US slaps visa bans on top ‘corrupt’ Jubilee leaders
The United States (US) has slapped visa bans on a number of Kenyan individuals who have been implicated in corrupt deals.
US ambassador Robert Godec Monday said that the Barack Obama administration made the move to support President Uhuru Kenyatta’s effort in fighting corruption.
The US ambassador was among Western diplomats who on November 9 vowed to ban corrupt Kenyan officials from visiting their countries.
Mr Godec was speaking during the preparation of World Aids Day to be marked on Tuesday December 1.
“There are individuals who cannot go to the United States as a consequence of involvement in corruption,” said Godec.
He, however, did not give names nor the number of individuals who have been restricted from visiting America.
“I will not go into specifics or names right now but obviously the US is committed to doing everything it can to support the fight against corruption,” Mr Godec added.
While reiterating that corruption is a big problem which needs to be addressed, Godec said the US has taken measures to help Kenya fight the scourge.
“Obviously, corruption has become a scourge in Kenya and it is something all Kenyans need to fight against. We welcome President Kenyatta’s commitment in the many actions and activities he is undertaking to fight corruption,” he said.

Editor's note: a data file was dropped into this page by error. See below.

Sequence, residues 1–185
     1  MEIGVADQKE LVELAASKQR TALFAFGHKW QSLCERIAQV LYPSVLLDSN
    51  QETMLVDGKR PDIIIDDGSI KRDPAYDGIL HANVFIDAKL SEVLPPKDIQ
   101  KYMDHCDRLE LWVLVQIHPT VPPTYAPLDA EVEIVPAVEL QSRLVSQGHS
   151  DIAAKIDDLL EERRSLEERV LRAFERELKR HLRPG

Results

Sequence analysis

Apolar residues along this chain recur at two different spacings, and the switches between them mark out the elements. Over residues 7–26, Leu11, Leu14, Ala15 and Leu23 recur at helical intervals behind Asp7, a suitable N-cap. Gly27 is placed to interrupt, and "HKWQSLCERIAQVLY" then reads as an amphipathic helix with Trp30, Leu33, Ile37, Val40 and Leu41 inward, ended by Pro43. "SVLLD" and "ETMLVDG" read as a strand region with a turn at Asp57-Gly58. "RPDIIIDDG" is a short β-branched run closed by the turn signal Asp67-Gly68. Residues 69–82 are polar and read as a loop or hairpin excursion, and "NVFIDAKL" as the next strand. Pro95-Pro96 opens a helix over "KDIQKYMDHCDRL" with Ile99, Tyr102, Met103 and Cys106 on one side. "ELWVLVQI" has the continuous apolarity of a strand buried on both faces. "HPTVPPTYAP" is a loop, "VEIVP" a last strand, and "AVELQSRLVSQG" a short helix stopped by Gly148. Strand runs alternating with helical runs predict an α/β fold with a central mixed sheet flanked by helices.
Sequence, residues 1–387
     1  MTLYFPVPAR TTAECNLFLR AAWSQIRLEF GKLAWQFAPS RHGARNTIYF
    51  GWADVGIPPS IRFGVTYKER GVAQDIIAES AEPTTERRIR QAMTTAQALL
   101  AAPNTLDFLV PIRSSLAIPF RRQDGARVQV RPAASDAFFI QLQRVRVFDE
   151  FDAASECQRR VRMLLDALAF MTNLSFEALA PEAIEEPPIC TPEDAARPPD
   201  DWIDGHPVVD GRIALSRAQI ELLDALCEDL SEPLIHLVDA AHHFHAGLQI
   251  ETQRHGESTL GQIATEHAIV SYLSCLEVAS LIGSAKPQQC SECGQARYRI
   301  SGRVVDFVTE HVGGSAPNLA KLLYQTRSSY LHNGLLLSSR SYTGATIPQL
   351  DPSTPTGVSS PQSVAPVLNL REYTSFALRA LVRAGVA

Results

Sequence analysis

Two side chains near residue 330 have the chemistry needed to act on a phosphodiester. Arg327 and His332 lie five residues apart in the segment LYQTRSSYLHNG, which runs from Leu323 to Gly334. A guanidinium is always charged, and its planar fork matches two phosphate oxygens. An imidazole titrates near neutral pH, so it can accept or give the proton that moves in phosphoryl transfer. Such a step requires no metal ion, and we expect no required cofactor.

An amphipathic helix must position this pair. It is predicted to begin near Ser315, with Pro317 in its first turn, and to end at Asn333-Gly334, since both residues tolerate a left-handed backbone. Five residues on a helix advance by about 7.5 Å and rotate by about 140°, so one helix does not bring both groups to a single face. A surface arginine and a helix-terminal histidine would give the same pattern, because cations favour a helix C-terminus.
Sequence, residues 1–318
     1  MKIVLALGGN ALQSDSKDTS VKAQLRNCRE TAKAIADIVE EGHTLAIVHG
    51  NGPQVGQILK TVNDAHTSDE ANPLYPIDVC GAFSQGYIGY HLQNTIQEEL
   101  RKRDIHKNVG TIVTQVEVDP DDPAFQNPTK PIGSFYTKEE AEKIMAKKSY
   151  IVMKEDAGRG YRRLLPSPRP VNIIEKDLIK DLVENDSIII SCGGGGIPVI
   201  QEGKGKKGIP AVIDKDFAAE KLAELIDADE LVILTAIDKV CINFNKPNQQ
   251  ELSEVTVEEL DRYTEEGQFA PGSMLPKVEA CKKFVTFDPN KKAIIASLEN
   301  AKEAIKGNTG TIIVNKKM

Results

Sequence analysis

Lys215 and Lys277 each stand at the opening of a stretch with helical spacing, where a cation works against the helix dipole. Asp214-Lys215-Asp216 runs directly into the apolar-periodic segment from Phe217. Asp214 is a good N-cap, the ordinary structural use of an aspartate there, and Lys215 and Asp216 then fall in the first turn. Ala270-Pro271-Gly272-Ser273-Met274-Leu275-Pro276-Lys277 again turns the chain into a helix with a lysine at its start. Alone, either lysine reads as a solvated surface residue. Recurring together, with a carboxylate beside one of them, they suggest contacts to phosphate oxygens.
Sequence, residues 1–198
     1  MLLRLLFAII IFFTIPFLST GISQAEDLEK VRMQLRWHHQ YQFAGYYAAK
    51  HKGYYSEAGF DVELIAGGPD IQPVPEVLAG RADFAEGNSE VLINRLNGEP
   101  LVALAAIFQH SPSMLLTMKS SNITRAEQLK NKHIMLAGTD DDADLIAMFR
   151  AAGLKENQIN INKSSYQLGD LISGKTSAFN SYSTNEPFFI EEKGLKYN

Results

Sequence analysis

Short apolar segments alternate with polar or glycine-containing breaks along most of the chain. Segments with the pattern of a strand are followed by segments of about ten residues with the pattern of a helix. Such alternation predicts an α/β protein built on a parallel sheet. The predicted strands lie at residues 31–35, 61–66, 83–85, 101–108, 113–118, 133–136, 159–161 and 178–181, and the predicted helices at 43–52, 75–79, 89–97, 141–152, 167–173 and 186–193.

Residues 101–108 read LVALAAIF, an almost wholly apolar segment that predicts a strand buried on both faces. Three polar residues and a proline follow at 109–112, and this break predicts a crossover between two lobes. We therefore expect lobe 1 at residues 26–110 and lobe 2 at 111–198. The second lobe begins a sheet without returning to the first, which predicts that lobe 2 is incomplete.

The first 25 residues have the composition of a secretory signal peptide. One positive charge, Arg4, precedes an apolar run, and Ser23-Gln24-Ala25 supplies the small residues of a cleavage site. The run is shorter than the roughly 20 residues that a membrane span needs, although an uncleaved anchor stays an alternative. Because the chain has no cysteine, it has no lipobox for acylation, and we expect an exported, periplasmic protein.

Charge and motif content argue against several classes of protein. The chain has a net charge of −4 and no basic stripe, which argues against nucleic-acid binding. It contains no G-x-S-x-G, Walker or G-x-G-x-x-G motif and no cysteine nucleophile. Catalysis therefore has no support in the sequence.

“But it is critically important that there should be more progress because this is a huge challenge for everyone in this country.”
Several Cabinet secretaries in the Jubilee administration have been asked to step aside to pave the way for investigations into corruption allegations in their ministries.
They are Charity Ngilu (Land), Kazungu Kambi (Labour), Michael Kamau (Transport and Infrastructure), Davis Chirchir (Energy) and Felix Koskei (Agriculture).
Devolution CS Anne Waiguru is the most recent minister in the Jubilee administration to have resigned after questions were raised over the loss of hundreds of millions of shillings from the National Youth Service (NYS).